Migrants queue near the border fence
Migrants near the border fence Photo by: Reuters/Jose Luis Gonzalez

A Texas grand jury indicted over 140 migrants for allegedly attempting to breach the southern border in early April.

The group members were accused of misdemeanor rioting charges, which authorities say began when some cut through razor wire to enter the country.

If convicted, those charged could spend up to 180 days in a county jail and be fined up to $2,000. A smaller group involved in the wire-cutting face federal charges of felony and assaulting a public servant.

The decision contrasts with that of a judge a day before, who had dismissed the case saying that the arrest affidavits from Border Patrol didn't show probable cause that all people named in the documents took part in the incident.

El Paso District Attorney Bill Hicks had said in a press conference that he was considering appealing the ruling by judge Ruben Morales.

Following the grand jury indictment, Hicks said that "the citizens of El Paso, through the grand jury, essentially overruled the judge's ruling and found probable cause to believe that the riots did occur."

He added that there have been over 350 arrests on rioting charges since March. Another large event of the kind had taken place in late march, when over 200 migrants were arrested after being involved in a gate rush leading to a border breach, also in El Paso. Governor Greg Abbott said that more than 700 National Guard troops were sent to El Paso after the breach.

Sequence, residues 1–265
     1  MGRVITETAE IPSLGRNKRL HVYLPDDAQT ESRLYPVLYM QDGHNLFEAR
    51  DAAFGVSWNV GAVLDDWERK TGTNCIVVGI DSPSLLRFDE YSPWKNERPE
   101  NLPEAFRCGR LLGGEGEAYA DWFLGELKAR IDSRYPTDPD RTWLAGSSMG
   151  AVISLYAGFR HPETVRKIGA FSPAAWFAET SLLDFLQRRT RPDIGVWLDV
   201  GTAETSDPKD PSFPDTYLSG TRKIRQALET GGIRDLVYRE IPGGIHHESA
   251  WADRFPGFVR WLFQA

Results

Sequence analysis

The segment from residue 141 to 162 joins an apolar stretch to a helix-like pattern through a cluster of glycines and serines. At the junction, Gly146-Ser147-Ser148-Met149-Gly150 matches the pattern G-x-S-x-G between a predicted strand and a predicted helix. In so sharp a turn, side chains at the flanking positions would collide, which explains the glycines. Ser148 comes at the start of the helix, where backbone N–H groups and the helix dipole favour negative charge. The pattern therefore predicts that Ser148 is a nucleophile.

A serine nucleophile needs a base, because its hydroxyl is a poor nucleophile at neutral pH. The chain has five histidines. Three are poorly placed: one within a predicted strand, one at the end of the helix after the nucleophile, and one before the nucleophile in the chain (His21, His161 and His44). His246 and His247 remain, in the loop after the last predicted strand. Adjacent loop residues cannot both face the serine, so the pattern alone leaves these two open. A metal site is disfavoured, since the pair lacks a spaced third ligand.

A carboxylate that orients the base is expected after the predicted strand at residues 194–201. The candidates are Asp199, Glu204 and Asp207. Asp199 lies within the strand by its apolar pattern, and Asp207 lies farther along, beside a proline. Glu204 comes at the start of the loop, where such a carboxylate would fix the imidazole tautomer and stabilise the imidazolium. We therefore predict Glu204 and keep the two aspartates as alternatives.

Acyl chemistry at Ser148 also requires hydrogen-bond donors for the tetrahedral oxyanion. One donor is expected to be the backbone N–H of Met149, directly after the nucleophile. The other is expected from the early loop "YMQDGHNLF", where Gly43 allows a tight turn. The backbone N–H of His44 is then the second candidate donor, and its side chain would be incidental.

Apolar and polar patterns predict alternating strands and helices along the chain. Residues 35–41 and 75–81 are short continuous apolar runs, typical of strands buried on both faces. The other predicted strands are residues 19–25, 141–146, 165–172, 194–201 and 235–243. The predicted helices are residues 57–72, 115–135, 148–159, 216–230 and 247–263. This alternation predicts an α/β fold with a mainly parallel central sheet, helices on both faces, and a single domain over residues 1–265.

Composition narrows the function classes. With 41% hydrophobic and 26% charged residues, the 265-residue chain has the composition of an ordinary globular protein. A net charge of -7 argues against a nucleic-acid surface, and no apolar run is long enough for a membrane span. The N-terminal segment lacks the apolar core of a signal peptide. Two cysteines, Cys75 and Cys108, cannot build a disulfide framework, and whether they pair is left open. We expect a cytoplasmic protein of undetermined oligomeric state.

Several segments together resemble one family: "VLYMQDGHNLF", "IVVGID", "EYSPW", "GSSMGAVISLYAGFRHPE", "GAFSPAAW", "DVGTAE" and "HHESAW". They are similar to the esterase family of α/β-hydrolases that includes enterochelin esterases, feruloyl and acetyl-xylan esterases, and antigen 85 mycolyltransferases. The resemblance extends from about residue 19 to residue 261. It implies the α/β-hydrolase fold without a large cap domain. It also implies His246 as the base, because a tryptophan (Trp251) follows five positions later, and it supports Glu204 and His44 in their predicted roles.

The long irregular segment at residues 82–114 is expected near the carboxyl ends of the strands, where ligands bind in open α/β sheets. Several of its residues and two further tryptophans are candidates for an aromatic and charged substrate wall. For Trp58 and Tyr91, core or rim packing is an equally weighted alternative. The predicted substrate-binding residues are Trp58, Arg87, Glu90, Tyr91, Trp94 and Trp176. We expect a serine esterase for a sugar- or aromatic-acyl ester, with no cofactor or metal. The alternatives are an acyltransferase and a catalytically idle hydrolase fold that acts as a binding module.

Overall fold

Greg Abbott
Texas Governor Greg Abbott speaks in Dallas, Texas Reuters

Kelli Childress-Diaz, the El Paso Public Defender who represents the defendants, said she wasn't surprised by the decision. "I imagine they had that already prepared before the hearing even started," she said.

"It turns my stomach that these people are nothing more than than, you know, political coins in a bet that some of our government officials have hedged," Childress-Diaz told The Associated Press.

Texas has toughened its measures to deter migrants from entering the country through its territory. Since 2021, there has been an overall decrease in the number of migrants trying to enter the border through the Rio Grande into Eagle Pass. This trend has been shown not only by Abbott in recent interviews, but also through federal statistics.

In fact, more migrants were encountered by Border Patrol agents outside of Texas each of the first three months of this year, according to the Texas Tribune. During the 2023 fiscal year, Texas on average accounted for roughly 59% of migrant encounters along the southwest border. During the first half of the 2024 fiscal year, which began in October, Texas has on average accounted for 43% of migrant encounters.

© 2024 Latin Times. All rights reserved. Do not reproduce without permission.